After an appearance as an enemy for Hulk to fight, the mutant known as Wolverine quickly joined the X-Men along with Storm, Colossus, Nightcrawler and a few others. Older than any other team member, Logan is a testosterone-filled anti-hero typical of the 1970s (think Dirty Harry and Taxi Driver). Between his healing powers, adamantium claws and a penchant for violence, Wolverine quickly became the breakout character of the team and was the first to star in his own solo series. Logan’s personality is part-noble warrior looking for a cause to fight for, and part animalistic rage. These two sides are often at war with each other, and while the latter is louder and more viscerally exciting, it’s the former that makes Wolverine such an interesting character. He’s a man who might be consumed by grief and guilt if he didn’t have something to fight for; he’s loyal to the X-Men and he’s served as a surrogate father to many X-Men. Wolverine will always be one of the most popular superheroes from Marvel or any other company.


#2. Captain America
Alias: Steve Rogers
Debut Issue: Captain America Comics #1, Mar. 1941
Created By: Joe Simon and Jack Kirby
Marvel’s first real breakthrough character was the hero America needed. Arriving in bombastic fashion by punching Adolf Hitler on the cover of his blockbuster first issue, Steve Rogers was a product of his time. While Captain America’s popularity waned after World War II along with the whole superhero genre, he had served his country well, inspiring and entertaining both children at home and soldiers on the battlefield. It’s thus unsurprising that Stan Lee chose to bring back Captain America shortly after President Kennedy was shot, and Steve has always been at his most popular when during periods of political and civil unrest. Aside from his own politically charged series, Captain America is best known as the perennial leader of the Avengers. Perhaps surprisingly, he’s managed to be a major success at the Worldwide Box Office as well; his three films are as good as the superhero genre gets in movies. Steve is my favorite Marvel hero, but I couldn’t deny the eventual winner of the #1 spot.


#1. Spider-Man
Alias: Peter Parker
Debut Issue: Amazing Fantasy #15, Aug. 1962
Created By: Stan Lee and Steve Ditko
There’s Superman, Batman, and Spider-Man, and then there’s everyone else, in my book. Peter Parker is Marvel’s most popular and enduring hero. In costume, he’s got one of the coolest power sets in comics, one of the best group of villains, and delivers action and laughs in equal measure. Out of costume, he’s the first superhero to truly feel like part of his prospective audience. Dick Grayson, Billy Batson and Johnny Storm were all steps, but Peter was the first hero to capture the everyday angst of being a teenager. Balancing school, work, bills, your dear old Aunt who raised you, and a dating life is tough for anyone, but add being a superhero on top of it? It’s both a power fantasy and a reality check. Peter is young, reckless, impulsive, childish and often overwhelmed, but he’s also smart, honest, compassionate, resourceful, driven and capable. He’s not always a good person, but he is always bothered when he can’t be a better one. His original stories were groundbreaking, and most of his comics still hold up. Spider-Man made an effortless leap from the comics to the movies, losing almost nothing in the process. He’s extremely marketable, and while he wouldn’t make my top five personal favorite heroes, he’s darn close. For his impact on the genre and his continued excellence, Spider-Man tops this list.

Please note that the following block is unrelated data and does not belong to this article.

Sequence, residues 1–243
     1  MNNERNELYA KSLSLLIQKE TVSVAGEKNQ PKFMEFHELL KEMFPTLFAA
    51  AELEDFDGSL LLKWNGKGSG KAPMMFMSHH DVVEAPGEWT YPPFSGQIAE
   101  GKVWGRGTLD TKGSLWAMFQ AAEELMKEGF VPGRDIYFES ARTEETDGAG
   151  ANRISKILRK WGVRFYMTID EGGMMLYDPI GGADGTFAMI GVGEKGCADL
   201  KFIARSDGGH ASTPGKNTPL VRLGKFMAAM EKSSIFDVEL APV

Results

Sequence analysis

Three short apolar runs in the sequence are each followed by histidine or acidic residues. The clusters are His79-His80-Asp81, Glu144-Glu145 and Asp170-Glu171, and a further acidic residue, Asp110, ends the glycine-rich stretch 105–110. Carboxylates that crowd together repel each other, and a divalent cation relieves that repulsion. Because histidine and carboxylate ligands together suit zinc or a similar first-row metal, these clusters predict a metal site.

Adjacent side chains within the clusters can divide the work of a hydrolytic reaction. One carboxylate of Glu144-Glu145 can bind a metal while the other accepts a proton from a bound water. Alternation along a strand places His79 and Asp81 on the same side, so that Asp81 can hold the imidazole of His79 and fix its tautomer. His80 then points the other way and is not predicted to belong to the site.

I am on Letterboxd!
Check me out
here to see my star ratings for over 700 films. I have reviewed every movie I’ve watched since last August, and recent additions include James Bond films Diamonds Are Forever and The Spy Who Loved Me, as well as Avengers: Age of Ultron.

Check Out From Under A Rock!
Michael Ornelas and I write weekly on 411, taking turns introducing each other to films the other hasn’t seen. Last week, we waxed on and waxed off (gross…) with 1984’s The Karate Kid. This week, Michael introduced me to Lucky Number Slevin.